Mac overclockers may want to check out the Mercury Extreme G4/1.25 Gigahertz, announced Monday by Other World Computing, which upgrades the processor in a Mac. Although it uses a Motorola chip that is labeled to run at 1.25GHz, OWC is guaranteeing that it can handle clock speeds of up to 1.467GHz.
"We've found that Motorola has been very conservative with the speed," OWC President Larry O'Connor said in a statement. "We've been able to establish a design and burn-in process allowing us to guarantee that our new Extreme model using this processor will safely operate at speeds of up to 1.467GHz."
OWC is selling the processor upgrade for $429 via its Web site. The company also debuted a $350 80GB Mercury On-The-Go portable FireWire drive and cut prices on some older drives.
Also on Monday, optics giant Nikon unveiled three new high-end scanners: the $599 Nikon Coolscan V ED, the $1,099 Super Coolscan 5000 ED and the $1,999 Super Coolscan 9000 ED.
The 4,000 dot-per-inch Coolscan V ED is capable of producing digital scans of 35-millimeter pictures at close to 22-megapixel resolution, according to Nikon. The Super Coolscan 5000 ED, which can scan in as little as 20 seconds, is aimed at small and midsize business users such as professional photographers, Web developers and photo finishers. The top-of-the-line Super Coolscan 9000 ED is geared at studio photographers, advertising agencies and similar buyers. The Super Coolscan 9000 has a FireWire interface and can handle a range of film formats as well as electron microscope images.
FrogPad, a start-up that makes keyboards to be used with only one hand, is bidding to take another leap forward Tuesday when it plans to introduce a Bluetooth- and Mac-compatible version of its. Like its wired predecessor, the wireless keyboard incorporates FrogPad's patented layout, which is designed around the 15 most-used letters in the English alphabet. The company says that with about eight hours of training, the average person can crank out about 40 words per minute, as compared to the average of 10 to 20 words per minute for the fastest thumb typists.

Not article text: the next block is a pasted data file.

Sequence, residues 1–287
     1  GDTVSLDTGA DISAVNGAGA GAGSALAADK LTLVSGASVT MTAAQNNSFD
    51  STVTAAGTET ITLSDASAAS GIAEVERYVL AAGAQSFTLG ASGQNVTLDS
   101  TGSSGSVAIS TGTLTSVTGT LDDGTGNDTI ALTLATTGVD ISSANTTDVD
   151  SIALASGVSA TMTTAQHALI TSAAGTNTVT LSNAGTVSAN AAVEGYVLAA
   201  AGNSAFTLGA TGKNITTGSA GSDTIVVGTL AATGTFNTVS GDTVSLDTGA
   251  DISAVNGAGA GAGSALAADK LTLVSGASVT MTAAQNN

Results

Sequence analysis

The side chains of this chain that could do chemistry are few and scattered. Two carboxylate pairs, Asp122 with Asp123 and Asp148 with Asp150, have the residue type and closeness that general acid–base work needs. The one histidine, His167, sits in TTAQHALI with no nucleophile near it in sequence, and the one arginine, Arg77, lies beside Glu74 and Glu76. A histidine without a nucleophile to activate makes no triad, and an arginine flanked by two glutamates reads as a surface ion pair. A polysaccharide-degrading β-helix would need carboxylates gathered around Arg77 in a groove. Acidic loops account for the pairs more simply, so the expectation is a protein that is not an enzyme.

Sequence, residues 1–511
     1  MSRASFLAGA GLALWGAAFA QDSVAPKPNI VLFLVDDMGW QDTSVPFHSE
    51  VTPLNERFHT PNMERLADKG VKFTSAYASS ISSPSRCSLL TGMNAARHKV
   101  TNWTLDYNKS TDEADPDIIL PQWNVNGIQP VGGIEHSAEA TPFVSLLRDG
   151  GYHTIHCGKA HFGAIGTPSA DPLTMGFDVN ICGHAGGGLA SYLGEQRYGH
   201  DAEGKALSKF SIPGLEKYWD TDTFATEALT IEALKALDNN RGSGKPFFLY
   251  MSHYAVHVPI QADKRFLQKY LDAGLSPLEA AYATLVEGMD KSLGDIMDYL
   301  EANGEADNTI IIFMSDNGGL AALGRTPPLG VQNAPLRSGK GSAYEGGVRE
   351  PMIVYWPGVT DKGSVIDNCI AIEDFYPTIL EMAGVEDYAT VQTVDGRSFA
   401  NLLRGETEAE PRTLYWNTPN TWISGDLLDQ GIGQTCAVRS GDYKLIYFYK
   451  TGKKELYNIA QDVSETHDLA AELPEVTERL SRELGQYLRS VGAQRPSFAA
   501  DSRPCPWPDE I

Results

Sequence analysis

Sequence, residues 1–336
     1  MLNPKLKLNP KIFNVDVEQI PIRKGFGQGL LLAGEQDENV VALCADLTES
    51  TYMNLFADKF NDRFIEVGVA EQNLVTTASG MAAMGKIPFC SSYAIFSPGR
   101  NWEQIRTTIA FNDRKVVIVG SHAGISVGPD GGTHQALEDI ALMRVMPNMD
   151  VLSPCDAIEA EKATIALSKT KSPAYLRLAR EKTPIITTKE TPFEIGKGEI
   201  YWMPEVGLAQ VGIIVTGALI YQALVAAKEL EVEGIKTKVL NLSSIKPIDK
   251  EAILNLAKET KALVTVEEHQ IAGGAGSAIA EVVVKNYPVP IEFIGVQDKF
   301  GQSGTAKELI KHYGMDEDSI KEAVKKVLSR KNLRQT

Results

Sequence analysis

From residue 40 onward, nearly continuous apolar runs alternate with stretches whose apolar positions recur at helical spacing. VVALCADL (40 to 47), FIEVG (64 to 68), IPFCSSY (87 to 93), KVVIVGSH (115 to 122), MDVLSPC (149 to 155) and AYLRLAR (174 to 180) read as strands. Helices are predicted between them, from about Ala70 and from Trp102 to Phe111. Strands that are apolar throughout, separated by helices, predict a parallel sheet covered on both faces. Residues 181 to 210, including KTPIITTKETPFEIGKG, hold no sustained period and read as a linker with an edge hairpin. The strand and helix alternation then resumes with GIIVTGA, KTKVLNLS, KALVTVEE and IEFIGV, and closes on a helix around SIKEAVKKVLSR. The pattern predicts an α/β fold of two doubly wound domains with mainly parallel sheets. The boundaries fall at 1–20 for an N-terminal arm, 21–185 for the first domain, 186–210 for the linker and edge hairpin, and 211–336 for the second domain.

Accessory maker XtremeMac said it will show off a wireless audio-streaming technology it says can send a high-quality audio signal over 300 feet using Bluetooth technology. The company plans to show off the technology at its booth, starting Tuesday.
Most competing Bluetooth products use a different technology and are limited to 20 to 30 feet, according to XtremeMac CEO Gary Bart. "We exceed 300 feet," Bart said in a statement. "This allows the user, in normal indoor environments, to have the power to transmit high-quality audio wirelessly throughout a household, while our competitors will be stuck in one room."
The company hopes to integrate the technology into a variety of products. It plans to start with a compact transmitter and receiver that would allow people to stream wireless audio from a source such as an Apple iPod or a computer to portable speakers, wireless headphones or even a car stereo. The company hopes to have that product available by this spring.
Belkin introduced an updated version of its TuneCast device, which allows an iPod or other portable music player to broadcast music that can be played on a car stereo via FM radio. The updated version, TuneCast II, sells for between $39 to $49 and features up to 10 hours of battery life, the ability to scan all FM frequencies for the clearest channel as well as the ability to memorize up to four often-used frequencies.